Thursday, March 14, 2013

The Spring Break that wasn't. ..

Well...The spring break that wasn't is almost over. I find it is hitting me harder this year than it normally does. I don't like to whine on such a public forum, but I feel the need to rant a bit. I have worked every spring break since my undergrad, but for some reason this one, like this past Christmas break, feels particularly unsatisfying.  I am not rested, I am not ahead of my tasks, and I feel like I haven't done anything constructive neither creatively nor academically. My to-read list still remains,  my chore list still remains,  my unwritten letters,  meditation, self-discovery,  and knitting projects ALL still remain!!

Even when I worked nights, I still felt like my last spring break meant something. Being the introspective creature that I am, I started thinking about why this could be.  Part of it could be due to the fact that I am ending one aspect of my life and acknowledging that might be causing me subconscious panic,  since I feel up in the air future-wise. Another part of me could cite ineffective prioritizing and time management (ironic considering I have done research on that very subject and it is going to be a future topic).  I let too many things become urgent-important or urgent-not important and let the important-not urgent stuff end up in the  back burner. (For the urgency matrix, look up Stephen R. Covey's "7 Habits of Highly Effective People")

Regardless, I feel more harried than ever. None of my weekends seem to be free until after graduation, so I can't rely on them for the break I desperately need. Even my body feels the effects, tired, worn down, and sick. I haven't had a manicure, a hair trim, and barely have time to gather my thoughts. I also feel listless, undesiring to work, unable to concentrate, and impatient.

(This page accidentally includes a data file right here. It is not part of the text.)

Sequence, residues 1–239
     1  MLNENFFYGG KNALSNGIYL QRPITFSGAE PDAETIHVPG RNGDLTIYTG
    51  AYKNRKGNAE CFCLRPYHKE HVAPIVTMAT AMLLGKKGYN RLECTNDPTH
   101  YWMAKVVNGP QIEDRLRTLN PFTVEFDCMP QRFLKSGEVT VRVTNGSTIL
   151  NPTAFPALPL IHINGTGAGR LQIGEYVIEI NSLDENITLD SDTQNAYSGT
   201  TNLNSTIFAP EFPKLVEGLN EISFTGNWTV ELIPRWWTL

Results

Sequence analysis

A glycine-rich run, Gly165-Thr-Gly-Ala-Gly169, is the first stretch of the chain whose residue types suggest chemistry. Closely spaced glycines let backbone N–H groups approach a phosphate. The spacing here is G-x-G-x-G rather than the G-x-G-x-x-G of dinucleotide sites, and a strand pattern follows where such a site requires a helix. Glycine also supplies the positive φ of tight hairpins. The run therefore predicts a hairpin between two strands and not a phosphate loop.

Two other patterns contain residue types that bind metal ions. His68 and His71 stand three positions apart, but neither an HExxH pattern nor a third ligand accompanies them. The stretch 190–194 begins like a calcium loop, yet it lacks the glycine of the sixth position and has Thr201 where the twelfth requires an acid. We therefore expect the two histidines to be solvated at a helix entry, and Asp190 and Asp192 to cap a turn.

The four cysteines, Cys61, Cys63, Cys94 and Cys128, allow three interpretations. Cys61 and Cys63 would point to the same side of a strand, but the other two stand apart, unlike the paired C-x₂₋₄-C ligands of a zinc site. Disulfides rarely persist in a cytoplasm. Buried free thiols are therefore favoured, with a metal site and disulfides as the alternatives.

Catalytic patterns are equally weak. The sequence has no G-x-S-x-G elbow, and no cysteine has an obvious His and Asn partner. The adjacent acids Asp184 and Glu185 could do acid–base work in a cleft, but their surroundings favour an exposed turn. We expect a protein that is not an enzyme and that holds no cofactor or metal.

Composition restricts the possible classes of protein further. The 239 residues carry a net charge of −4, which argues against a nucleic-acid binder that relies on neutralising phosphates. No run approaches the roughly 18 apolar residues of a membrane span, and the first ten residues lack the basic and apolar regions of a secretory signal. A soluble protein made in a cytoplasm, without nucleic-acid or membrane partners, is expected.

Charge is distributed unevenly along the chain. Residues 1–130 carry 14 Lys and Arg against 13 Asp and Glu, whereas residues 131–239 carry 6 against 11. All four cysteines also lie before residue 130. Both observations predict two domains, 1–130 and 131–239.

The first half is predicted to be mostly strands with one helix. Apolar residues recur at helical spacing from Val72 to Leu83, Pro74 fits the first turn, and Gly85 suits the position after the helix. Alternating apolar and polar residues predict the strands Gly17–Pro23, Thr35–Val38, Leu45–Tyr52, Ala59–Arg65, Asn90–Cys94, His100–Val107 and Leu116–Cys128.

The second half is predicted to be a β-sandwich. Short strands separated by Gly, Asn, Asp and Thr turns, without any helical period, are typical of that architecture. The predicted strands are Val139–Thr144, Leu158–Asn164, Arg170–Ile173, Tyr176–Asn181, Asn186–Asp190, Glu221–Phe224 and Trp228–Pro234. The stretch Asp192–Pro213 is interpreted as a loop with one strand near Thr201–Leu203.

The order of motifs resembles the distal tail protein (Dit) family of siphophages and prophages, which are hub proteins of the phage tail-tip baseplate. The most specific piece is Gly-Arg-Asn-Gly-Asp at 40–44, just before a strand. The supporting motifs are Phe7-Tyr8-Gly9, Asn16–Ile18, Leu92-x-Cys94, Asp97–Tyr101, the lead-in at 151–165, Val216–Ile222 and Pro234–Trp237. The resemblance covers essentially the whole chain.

I need a break from Spring Break...

Wednesday, March 13, 2013

Spring Cleaning (but not the way you think)

When people think about Spring, they usually think about birds twittering, buds on branches, and cleaning out the winter blahs from their homes (usually in the form of dust, dirt, dried mud, and replacing drapes with gauzy curtains). Now, anyone who knows me knows that I'm not the tidiest person in the world. Let's be real, I'm not tidy, period, and with my crazy schedule I barely have time to cook let alone clean.

But, like everyone else in the western world, I'm doing some spring cleaning this month... Just not the type of spring cleaning people usually expect. I'm spring cleaning my emotions, thoughts, and life. Oh, yes, I'm doing emotional and psychological spring cleaning, and that is a whole other kind of beast.

Pycho-emotional spring cleaning is one of those things that should be done on a regular basis. It is a re-assessment of where I am in life, and whether the people and thoughts, emotions, and baggage of the past year(s) still fit. Those who know me know this isn't necessarily a new theme for me, and it is, in fact, something I've been building and working toward over the past few months. It starts with a re-evaluation of where I am and where I want to be in the next year, the next 3 years (short term) the next 5 years (mid-term) and the next 10 years (long term). Being that I am in a crossroads of life, on the verge of finishing my master's degree and trying to find work, potentially moving to a different state, and radically changing my existing paradigms this psycho-emtional assessment and re-structuring is crucial to my short-,mid-, and long-term objectives. I am on the cusp of adulthood as considered by social norms (moving out, financial independence, etc), and I need to start leaving my "childish things" behind. These childish things include attitudes, behaviors, and habits. They also include emotive attachments, and identifying healthy needs for affection. I need to modify -- "spring clean"--  my perspectives. I need to, essentially, grow up.

That's where the actual "cleaning" comes in. Some of these things need to go the draconian way and literally be purged from my life. Others need to be forced into transition with planned steps to the "weeding out" process.  That might mean limiting to stopping contact with toxic people in my life. It might also mean changing my habits including how I view and spend money, how I view my clothing and style of dress, what kind of relationships and interactions (romantic or otherwise) I will accept, and even how and what I eat and drink.

Granted, I know many people who will read this and say I'm a great person already and don't need to change much, but the changes that I need to make are internal and behind-the-scenes. Some of these changes include getting professional psychological help in order to address some of my concerns. Other changes might require some very helpful, very patient friends to guide me with their skills sets or to support me when I feel like the process isn't going the way it should.

Either way, 'tis the season for Spring Cleaning, and it will start with me!